It doesn't even go that far; it comes home. At home, you will find relatives living with us who are serving us, they don't go to the same schools our kids go to. They don't eat from the same plate our kids eat from. They don't share that glass. So, this neocolonialism or whatever we want to call it, this hypocrisy, you look when you look around you. It's like, ‘Wow, we're talking about the white power, white order, white supremacy. The African is interesting. The Black person is interesting. Something's going on.’

And for me, Public Toilet Africa lays it on the table. We could have shot at all the beautiful places in Ghana to show, ‘Oh, this is how it's done. This is Nollywood. This is how we are measuring up. We can finally be streamed on Netflix. We can finally be streamed on Amazon because it has the formula.’ But then I said, I don't remember us. I have a feeling we would disappear. Let me put this document together so at least they will know that we were here if we disappear.

A still from the film, Public Toilet Africa

Briggitte Appiah is Ama and David Klu is Sadiq in Public Toilet Africa.

Photo: Marquee Media

We can see shades of Mambéty and Ousmane Sembène in this film. Do you see yourself as an extension of filmmakers like them?

You can’t deny, I’m their offspring. They are my ancestors. Having grown up watching a lot of -- let's talk about hegemonic forms of representation; let's talk about Hollywood. Let's talk about Third Cinema, that formed an agenda to break away and to give the gaze back. We could talk about [Argentinean film-makers and Third Cinema founders Fernando] Solanas and [Octavio] Getino. We could talk about all these founding fathers of the Tri-Continental Project: Latin America, Asia and Africa. Look at Satyajit Ray making The Apu Trilogy in India. Look at Ousmane Sembène making Black Girl, with her beret, look at Souleymane Cissé...It's so beautiful what they do with the language. Cinema’s language is just beautiful because they're coming from different angles and different forms. There's a certain poetry, a beauty in there.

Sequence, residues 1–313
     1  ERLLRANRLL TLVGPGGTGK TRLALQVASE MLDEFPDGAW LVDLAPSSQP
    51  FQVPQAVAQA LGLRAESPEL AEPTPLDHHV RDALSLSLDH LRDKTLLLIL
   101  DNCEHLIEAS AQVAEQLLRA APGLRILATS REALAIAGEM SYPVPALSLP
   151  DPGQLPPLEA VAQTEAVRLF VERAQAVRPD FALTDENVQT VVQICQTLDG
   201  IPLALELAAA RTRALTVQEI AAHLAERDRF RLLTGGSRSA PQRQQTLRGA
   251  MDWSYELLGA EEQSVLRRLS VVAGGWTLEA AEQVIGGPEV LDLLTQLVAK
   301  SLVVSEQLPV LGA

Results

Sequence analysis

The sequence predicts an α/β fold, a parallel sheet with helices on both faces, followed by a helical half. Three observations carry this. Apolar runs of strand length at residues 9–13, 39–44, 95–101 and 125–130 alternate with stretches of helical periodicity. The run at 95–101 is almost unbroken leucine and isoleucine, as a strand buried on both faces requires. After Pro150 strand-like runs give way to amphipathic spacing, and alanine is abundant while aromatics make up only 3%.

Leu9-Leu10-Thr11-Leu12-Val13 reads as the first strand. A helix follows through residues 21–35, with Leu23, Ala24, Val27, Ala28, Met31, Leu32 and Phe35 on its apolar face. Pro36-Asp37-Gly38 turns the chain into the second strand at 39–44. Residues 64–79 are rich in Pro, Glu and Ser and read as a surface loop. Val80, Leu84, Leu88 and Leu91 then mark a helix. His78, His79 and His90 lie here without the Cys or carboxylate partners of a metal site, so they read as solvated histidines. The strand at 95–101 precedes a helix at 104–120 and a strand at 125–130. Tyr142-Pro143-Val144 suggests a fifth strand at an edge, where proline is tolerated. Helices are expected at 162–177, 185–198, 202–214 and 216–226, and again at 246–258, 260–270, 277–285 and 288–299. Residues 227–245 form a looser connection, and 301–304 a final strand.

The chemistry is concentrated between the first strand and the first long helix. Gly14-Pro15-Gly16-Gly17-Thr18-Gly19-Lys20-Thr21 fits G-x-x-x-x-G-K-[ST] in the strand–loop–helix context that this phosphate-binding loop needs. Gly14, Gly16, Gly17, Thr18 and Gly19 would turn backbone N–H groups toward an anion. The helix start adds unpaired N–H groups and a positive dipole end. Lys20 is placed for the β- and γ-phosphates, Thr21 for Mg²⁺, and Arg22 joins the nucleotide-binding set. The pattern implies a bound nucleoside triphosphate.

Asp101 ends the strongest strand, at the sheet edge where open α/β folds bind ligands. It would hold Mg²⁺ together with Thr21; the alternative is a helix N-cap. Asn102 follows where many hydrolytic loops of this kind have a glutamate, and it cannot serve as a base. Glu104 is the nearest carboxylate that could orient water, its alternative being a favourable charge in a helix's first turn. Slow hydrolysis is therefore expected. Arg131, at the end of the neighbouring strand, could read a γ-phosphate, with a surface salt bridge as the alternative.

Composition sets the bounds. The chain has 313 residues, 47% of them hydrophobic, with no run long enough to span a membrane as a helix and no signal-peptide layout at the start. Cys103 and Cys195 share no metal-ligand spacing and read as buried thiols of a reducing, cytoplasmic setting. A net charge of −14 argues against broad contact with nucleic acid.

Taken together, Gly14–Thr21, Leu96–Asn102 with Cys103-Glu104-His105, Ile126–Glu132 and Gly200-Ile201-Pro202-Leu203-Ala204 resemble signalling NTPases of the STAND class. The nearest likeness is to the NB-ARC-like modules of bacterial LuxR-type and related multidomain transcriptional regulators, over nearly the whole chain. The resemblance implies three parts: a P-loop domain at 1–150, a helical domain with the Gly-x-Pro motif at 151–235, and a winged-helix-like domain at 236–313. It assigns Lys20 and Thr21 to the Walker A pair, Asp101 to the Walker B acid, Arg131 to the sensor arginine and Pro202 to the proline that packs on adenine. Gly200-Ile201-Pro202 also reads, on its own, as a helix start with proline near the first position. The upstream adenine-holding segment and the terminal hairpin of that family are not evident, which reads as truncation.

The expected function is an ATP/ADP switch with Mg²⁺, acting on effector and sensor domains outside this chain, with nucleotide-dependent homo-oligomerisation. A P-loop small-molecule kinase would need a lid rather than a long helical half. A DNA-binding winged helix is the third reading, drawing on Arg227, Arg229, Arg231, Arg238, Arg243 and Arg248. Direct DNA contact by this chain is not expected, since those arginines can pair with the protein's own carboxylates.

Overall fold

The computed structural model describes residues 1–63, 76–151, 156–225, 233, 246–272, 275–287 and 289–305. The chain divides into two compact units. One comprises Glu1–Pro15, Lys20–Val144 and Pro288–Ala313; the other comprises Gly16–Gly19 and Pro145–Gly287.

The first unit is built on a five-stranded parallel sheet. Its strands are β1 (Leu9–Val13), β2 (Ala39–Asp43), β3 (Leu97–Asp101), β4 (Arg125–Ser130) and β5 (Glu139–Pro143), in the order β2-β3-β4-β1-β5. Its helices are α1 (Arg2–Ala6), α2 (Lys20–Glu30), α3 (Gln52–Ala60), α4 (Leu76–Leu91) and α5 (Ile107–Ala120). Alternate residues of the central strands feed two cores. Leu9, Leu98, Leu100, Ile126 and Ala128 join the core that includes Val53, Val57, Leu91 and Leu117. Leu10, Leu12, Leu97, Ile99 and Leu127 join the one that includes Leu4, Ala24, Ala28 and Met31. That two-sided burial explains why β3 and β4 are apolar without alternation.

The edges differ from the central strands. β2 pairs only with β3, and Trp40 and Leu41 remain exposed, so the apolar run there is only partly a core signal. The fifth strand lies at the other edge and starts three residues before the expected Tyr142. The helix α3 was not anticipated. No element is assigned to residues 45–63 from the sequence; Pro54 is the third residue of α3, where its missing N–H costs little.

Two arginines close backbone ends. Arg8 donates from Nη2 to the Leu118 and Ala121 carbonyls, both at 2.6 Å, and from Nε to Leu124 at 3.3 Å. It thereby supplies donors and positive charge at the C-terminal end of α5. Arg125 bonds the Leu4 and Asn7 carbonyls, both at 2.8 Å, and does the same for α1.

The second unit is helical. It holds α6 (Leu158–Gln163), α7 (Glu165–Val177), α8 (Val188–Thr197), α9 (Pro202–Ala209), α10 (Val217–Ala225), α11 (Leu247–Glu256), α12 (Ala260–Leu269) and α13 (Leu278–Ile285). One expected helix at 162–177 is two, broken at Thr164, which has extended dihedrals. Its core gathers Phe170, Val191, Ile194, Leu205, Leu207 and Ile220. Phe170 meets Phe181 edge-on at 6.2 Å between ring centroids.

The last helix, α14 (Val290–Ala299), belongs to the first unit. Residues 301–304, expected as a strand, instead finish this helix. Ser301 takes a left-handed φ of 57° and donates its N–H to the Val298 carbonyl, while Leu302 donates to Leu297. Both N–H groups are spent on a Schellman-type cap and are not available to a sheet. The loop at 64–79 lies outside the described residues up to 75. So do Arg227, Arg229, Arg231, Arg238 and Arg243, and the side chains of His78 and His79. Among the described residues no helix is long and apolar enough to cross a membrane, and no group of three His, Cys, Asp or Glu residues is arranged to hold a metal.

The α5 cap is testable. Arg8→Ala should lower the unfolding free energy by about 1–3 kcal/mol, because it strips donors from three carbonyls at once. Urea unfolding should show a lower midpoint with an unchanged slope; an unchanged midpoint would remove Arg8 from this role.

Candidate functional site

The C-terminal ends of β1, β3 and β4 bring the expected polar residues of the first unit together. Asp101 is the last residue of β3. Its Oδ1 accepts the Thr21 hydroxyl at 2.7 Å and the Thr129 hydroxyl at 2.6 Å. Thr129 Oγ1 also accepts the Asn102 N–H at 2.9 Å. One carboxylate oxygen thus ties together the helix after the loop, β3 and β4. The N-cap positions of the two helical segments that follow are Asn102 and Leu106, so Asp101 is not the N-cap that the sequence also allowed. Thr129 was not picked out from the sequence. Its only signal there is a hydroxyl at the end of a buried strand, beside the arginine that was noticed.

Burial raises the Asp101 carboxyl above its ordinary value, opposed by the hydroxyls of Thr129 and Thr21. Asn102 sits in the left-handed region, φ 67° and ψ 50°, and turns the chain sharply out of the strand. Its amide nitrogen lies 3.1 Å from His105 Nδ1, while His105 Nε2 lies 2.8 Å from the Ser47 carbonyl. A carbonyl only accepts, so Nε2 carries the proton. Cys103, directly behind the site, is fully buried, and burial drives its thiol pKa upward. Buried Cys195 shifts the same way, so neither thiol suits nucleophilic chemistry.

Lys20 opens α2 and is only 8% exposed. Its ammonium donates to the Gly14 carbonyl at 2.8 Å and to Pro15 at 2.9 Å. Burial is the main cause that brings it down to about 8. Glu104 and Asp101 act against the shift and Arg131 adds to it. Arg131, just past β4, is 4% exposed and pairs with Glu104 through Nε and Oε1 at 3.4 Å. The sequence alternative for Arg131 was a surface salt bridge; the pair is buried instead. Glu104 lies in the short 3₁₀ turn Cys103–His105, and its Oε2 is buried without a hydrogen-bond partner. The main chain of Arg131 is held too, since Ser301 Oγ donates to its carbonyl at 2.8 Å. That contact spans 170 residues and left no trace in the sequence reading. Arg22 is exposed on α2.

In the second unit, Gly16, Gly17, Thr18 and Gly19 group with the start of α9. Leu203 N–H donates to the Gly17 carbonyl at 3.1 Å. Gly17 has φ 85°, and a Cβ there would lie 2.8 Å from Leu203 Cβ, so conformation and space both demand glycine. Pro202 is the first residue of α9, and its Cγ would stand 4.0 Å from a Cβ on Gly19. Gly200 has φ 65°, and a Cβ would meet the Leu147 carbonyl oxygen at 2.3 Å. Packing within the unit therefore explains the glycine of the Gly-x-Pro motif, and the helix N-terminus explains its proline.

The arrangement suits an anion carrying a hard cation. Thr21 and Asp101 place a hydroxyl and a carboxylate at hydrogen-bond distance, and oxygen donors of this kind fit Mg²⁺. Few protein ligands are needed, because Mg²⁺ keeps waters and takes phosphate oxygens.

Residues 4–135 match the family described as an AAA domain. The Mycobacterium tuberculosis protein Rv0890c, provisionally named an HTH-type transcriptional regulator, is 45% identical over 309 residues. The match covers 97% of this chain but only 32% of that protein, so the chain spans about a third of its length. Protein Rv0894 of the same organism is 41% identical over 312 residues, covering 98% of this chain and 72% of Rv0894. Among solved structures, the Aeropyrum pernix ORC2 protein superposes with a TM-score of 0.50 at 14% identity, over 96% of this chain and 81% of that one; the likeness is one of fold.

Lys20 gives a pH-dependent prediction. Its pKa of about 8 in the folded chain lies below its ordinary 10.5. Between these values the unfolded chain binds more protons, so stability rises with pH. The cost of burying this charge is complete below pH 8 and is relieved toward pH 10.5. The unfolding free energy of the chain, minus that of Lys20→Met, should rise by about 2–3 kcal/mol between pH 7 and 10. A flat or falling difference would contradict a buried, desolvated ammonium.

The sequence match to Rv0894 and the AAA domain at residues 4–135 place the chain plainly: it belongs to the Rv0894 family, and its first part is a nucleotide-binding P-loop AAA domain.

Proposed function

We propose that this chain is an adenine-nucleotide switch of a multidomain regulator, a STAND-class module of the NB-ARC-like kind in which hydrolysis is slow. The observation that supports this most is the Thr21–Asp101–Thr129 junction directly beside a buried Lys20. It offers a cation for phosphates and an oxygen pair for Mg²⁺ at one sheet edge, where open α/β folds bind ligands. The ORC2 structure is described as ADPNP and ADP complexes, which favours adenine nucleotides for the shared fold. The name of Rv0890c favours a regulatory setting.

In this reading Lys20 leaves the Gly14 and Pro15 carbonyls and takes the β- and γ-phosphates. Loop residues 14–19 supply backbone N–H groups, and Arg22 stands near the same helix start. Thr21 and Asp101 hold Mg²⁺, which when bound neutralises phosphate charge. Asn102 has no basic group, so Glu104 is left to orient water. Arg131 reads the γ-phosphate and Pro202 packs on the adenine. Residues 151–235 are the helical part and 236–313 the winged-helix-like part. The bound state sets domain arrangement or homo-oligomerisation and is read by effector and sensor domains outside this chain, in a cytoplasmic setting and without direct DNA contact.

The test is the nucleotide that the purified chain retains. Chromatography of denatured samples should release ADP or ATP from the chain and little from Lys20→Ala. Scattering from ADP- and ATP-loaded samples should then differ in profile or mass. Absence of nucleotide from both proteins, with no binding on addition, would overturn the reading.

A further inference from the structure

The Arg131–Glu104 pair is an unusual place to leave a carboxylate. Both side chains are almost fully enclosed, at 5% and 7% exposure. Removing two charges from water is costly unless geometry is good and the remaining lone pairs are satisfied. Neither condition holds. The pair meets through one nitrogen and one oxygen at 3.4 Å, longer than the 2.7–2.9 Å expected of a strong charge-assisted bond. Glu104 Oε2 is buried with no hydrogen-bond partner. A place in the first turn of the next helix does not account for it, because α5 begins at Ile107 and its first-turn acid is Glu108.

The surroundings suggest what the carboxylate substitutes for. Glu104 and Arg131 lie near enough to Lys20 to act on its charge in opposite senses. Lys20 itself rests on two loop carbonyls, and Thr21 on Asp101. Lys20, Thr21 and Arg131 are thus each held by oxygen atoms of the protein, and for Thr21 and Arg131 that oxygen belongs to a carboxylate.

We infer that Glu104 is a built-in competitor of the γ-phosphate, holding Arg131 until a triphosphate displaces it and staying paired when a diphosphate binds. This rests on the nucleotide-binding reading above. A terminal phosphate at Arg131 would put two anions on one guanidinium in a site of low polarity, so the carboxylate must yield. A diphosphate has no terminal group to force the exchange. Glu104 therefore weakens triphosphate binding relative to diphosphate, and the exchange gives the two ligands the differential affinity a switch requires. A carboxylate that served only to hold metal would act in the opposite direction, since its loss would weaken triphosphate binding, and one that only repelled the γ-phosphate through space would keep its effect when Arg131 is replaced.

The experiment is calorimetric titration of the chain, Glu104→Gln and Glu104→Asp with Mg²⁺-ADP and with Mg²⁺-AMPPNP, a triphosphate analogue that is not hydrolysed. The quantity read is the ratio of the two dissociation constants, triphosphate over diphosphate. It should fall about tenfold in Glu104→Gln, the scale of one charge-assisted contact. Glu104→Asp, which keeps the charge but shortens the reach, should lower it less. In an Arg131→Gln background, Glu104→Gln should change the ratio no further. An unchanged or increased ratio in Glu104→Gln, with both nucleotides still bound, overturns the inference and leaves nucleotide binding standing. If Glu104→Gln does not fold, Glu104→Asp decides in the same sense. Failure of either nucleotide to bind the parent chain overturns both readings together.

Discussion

You go to film school in Africa or anywhere in the world, and we've imbibed the technical knowledge with their culture, so much so that it's an alienation, it's a rejection of self. So when you see this inversion, this shooting backwards, camera turning back on us, speaking our own language, telling our own truths, creating our own myths, you cannot help when you see these men on the forefront trying to preserve something for people like me, but say thank you.

I cried when I when I came across these works because they were never introduced to me early enough. Too busy watching one plus one equals two, the cookie-cutter films that are meant to sell popcorn and coke soda. But these films were speaking to us, leaving us a document and so their influence is there in spirit. We vary in aesthetics but you can see that I have been influenced by their courage.

When will the film screen in Ghana?

We know what COVID has done, but this year, if it doesn't happen in the summer, a December opening in Ghana is very likely.